• The use of non-invasive remote sensing to assess meat quality, whereby biometrics such as breathing patterns, body temperature, and heart-rate, are used to quantify the stress levels of cows.

As such, this list provides a snapshot of the VoF’s main projects in viticulture, fruit production, sensory science and animal science. Nevertheless, the end-goal remains, and that is for these solutions to be transferable to all fields of agriculture.

Remote Sensing Figure 3
A diagram representing how UAVs and remote sensing can be used to detect smoke contamination in vineyards (Fuentes & Tongson, 2017).


Baofeng, S., Jinru, X., Chunyu, X., Yulin, F., Yuyang, S. and Fuentes, S., 2016. Digital surface model applied to unmanned aerial vehicle based photogrammetry to assess potential biotic or abiotic effects on grapevine canopies. International Journal of Agricultural and Biological Engineering, 9(6), p.119.

Fuentes, S. and De Bei, R., 2016. Innovations and technology: Advances of the Vineyard of the Future initiative in viticultural, sensory science and technology development. Wine & Viticulture Journal, 31(3), p.53.

Fuentes, S. and Tongson, E., 2017. Vinyard technology: Advances in smoke contamination detection systems for grapevine canopies and berries. Wine & Viticulture Journal, 32(3), p.36.

NASA, 2017. Scientific Visualization Studio. [Online] Available at: [Accessed 11 December 2017].


The Vineyard of the Future is flying with Qantas!

Be it during takeoff, in the lounge, or online, with Qantas’ Qbusiness coverage on “wine boffins” this month, all you need is five good minutes to understand what The Vineyard of the Future is doing for the wine industry.


From digital vineyards using drones and its MUASIP platform to monitor vast vineyard and other crop fields, to easy-to-use apps like VitiCanopy, that will instantly analyse canopy architecture, the effect of vineyard leaf canopies on the quality of grape and yields, the “holy grail for winemakers” is not out of reach (Nicholls, 2017). And if your vineyard happens to have a canine member, they could join you in the field to detect pests and diseases, as “man’s best friend” has the ability to sniff out the “bad” pheromones from insects up to 60 centimetres deep in the soil (Fuentes & De Bei, 2016).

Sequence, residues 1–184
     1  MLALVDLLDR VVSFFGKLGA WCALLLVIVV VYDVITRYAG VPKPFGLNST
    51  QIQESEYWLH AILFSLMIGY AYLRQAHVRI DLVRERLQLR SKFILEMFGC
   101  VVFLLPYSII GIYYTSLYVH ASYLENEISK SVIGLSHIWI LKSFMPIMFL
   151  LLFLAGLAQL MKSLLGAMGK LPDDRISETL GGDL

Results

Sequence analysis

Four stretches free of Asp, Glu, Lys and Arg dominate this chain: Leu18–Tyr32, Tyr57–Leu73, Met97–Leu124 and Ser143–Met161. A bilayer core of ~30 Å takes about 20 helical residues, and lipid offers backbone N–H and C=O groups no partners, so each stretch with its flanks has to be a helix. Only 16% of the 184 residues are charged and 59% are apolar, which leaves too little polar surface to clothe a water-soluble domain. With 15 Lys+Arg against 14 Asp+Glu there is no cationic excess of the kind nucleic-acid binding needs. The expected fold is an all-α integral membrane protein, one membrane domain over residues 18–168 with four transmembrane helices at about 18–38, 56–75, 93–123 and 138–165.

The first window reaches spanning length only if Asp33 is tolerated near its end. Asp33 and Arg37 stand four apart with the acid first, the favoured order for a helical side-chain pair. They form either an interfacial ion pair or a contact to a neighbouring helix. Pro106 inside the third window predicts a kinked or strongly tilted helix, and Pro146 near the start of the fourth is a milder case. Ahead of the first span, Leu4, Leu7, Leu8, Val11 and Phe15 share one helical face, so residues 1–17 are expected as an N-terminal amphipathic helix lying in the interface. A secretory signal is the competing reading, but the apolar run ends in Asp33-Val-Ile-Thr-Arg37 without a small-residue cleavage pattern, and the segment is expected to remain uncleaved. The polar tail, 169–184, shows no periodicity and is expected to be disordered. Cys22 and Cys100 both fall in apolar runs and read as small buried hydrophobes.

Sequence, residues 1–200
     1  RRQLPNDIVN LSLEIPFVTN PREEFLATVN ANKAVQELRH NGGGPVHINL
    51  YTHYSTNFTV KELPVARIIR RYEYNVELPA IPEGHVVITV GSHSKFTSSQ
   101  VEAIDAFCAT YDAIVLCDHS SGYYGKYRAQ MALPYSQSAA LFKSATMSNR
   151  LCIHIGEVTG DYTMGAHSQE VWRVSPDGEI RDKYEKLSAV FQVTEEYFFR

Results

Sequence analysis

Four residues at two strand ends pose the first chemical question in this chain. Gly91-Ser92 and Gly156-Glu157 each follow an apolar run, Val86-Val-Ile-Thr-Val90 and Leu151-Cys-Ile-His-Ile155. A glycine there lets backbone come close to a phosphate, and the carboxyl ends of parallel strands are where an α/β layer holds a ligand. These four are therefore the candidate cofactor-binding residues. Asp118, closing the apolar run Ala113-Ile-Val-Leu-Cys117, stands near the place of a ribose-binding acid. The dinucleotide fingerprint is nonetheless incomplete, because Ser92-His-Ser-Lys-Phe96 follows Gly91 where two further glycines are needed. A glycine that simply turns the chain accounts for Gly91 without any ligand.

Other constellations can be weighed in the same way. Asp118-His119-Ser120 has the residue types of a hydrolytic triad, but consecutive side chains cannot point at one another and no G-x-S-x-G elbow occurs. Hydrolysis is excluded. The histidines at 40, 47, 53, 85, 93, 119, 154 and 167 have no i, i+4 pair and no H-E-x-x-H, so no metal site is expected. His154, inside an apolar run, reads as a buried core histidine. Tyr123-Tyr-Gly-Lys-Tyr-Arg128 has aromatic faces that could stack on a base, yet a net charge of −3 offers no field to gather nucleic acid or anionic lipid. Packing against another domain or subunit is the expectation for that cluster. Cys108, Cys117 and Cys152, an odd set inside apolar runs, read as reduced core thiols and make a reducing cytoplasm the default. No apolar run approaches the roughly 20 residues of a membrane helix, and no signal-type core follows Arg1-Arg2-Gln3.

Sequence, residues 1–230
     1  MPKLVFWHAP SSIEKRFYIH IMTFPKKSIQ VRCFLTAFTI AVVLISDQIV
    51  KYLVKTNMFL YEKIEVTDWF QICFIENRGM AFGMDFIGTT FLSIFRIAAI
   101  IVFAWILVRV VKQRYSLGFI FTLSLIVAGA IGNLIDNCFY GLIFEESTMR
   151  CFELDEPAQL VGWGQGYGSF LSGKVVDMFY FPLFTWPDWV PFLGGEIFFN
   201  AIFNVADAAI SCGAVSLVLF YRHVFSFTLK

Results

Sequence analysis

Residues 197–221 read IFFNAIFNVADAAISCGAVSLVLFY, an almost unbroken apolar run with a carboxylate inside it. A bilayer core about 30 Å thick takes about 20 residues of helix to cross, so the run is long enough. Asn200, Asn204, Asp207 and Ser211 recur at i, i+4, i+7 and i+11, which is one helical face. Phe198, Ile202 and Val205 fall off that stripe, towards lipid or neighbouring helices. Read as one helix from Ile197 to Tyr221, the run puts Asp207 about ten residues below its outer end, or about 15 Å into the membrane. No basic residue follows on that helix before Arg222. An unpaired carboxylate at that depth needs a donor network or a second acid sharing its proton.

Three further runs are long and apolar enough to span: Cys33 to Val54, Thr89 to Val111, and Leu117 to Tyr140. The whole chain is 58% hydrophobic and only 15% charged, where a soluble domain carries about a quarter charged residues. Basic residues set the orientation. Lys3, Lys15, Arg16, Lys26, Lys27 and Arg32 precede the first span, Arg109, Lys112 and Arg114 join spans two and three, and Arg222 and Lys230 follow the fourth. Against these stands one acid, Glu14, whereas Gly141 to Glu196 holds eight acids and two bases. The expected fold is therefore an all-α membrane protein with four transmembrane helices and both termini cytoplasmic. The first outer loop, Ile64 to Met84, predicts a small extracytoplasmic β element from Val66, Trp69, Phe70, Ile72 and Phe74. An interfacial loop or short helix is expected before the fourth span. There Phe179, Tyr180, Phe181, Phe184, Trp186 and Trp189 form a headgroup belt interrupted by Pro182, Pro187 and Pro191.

But most importantly, as Dr Sigfredo Fuentes, Senior Lecturer in Wine Science at the School of Agriculture and Food, belonging to the Faculty of Veterinary and Agriculture from the University of Melbourne, has reiterated, “the end goal is the incorporation of technology in food security”, especially in the face of climate change.

Qantas_Wine boffin article
Qantas Spirit of Australia’s Qbusiness section on The Vineyard of the Future.


Nicholls, J. (2017). The Data Revolution – Wine Boffins. Qantas Spirit of Australia. [online] November 2017, p. 118. Available at: [Accessed 4 Nov. 2017].

Fuentes, S. and De Bei, R., 2016. Innovations and technology: Advances of the Vineyard of the Future initiative in viticultural, sensory science and technology development. Wine & Viticulture Journal, 31(3), p.53.


Networked Society Symposium 2017: Today for Tomorrow – Interdisciplinary research for a sustainable future

“The science of today is the technology of tomorrow.”

– Edward Teller

If you googled Teller, you would find some controversial facts. However, that aside, Teller did capture, in his quote, the “power” that science has in shaping the world we live in tomorrow. A world that is increasingly, or might I say, already, immersed in technology. But “with great power comes great responsibility”, and it is in this light that the Networked Society Symposium 2017 (NSS’17) kicked off.

Morning tea during the NSS’17. (Credit: Networked Society Symposium 2017)

The Digital Blue and Environmental Green

As individuals from different fields of research were seated in the B117 Theatre of the Melbourne School of Design, the stage was set for the “celebration” of interdisciplinary research. Interdisciplinary research that would have positive impacts and practical applications. As Professor Luciano Floridi, Director of the Digital Ethics Lab at Oxford Internet Institute, articulated, we, as the current generation, have the responsibility to build the foundations of a future society that future generations will be thankful for.

With the digital world, the features of our reality are being coupled, decoupled, and recoupled, or as we more commonly say, using the more “charged” term, disrupted. An example would be the decoupling of location and presence (Floridi, 2017). Whilst you physically enjoy a glass of Sauvignon Blanc at home, your interactions are with other users on a Facebook wine club page. Thus, your location is in Melbourne, but your presence is online, and your reach is global. This is just a simple example of how technology is “cleaving” at the features of our reality.